What is Hoarding?
A hoarder is not simply a packrat or a collector, pack rats/collectors differentiate themselves from a compulsive hoarder by the inability to get rid of anything – where a collector or packrat may get rid of some items when they run out of space in the garage, a hoarder will simply move the stuff into the bath or anywhere else there is room.
Hoarding is a symptom of mental illness, an anxiety disorder – some experts say obsessive-compulsive disorder, while others say it’s a category unto itself. It’s defined by three primary traits: the obsessive collection of objects that seem useless to almost everyone else, the inability to get rid of any of them and a resulting state of distress or peril.
Hoarding can affect anyone, regardless of age, sex or economic status. It’s not clear, though, how common hoarding is. That’s partly because researchers have only recently begun to study it, and partly because some people never seek treatment. Problematic hoarding is highly prevalent (approximately 2-5% of the population – that is potentially over 1.2 million people in the UK alone) and, when severe, is associated with substantial disability and represents a great burden for the sufferers, their families and society.
Here are some risk factors and features about hoarding that researchers have come to understand:
Age: Hoarding usually starts in early adolescence, around age 13 or 14, and it tends to get worse with age. Hoarding may even start earlier than the teen years. Younger children may start saving items, such as broken toys, pencil nubs, outdated school papers and broken appliances.
Family history: There is a very strong association between having a family member who is a compulsive hoarder and becoming a hoarder yourself.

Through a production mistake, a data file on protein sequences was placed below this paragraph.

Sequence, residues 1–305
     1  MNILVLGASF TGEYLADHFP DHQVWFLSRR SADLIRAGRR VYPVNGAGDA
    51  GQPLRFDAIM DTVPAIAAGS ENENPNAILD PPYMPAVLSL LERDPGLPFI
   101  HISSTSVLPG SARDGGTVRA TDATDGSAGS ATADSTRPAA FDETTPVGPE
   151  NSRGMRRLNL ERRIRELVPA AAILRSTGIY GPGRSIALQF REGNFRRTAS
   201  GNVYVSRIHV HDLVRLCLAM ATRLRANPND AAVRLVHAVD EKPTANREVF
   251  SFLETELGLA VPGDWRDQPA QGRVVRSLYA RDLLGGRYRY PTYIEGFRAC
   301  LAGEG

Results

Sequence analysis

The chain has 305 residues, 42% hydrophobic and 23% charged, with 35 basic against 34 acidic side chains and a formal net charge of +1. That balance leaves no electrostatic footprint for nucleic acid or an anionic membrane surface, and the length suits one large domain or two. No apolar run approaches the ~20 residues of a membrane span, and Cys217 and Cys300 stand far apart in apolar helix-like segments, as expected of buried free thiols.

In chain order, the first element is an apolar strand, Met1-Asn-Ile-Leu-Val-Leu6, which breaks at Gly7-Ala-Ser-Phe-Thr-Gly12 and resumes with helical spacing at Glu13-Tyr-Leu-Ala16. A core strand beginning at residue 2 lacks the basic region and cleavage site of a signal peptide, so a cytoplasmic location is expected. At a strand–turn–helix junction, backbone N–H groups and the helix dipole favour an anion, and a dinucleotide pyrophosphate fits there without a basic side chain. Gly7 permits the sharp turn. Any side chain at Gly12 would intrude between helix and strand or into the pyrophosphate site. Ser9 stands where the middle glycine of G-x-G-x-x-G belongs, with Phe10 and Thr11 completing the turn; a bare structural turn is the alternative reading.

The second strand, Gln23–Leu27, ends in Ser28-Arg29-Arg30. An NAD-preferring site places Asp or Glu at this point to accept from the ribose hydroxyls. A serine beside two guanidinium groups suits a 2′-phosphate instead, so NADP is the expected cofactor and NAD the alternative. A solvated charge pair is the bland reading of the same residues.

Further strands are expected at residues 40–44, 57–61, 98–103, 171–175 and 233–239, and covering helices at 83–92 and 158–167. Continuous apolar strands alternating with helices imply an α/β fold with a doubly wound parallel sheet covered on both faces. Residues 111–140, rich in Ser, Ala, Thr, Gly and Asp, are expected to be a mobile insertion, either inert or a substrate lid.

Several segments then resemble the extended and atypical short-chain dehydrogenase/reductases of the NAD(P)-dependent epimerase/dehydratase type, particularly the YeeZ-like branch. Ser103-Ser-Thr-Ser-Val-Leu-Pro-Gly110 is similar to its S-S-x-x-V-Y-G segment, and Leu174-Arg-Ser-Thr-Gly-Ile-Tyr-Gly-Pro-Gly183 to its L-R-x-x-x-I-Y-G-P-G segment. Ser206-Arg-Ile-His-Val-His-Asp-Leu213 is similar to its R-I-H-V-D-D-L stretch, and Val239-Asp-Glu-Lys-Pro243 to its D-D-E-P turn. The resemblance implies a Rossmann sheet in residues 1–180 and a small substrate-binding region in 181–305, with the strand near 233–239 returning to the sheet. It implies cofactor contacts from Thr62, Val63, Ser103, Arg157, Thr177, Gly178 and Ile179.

Stressful life events: Some people develop hoarding after experiencing a stressful life event that they had difficulty coping with, such as the death of a loved one, divorce, eviction or losing possessions in a fire.
A history of alcohol abuse: About half of hoarders have a history of alcohol dependence.
Social isolation. People who hoard are typically socially withdrawn and isolated. In many cases, the hoarding leads to social isolation. But, on the other hand, some people may turn to the comfort of hoarding because they’re lonely.
Like most obsessive behaviours, hoarding starts small like thinking the information in today’s newspaper could be useful at some later date, and tomorrow’s newspaper and the next day’s and so on. Or they begin to wonder if she may have accidentally tossed something valuable in the trash can and keeps that bag of trash just in case. Maybe a collection of books, or dogs, or records or mail, and living with them every day, so eases symptoms of anxiety that these things become indispensable — sort of an extreme case of a favourite blanket or a grandmother’s locket or the family photos on the wall.
A hoarder might be afraid to waste anything. Or he may be such a perfectionist that he simply can’t start sorting through piles of useless things for fear he may not do it exactly right. Hoarding can be an indicator of an intense sense of responsibility or fear of making a mistake.
Not everyone who has lots of cats or piles of books or mail is a hoarder – many of us simply live in cluttered homes, however, there are several telltale signs that probably mean it’s time to seek help.
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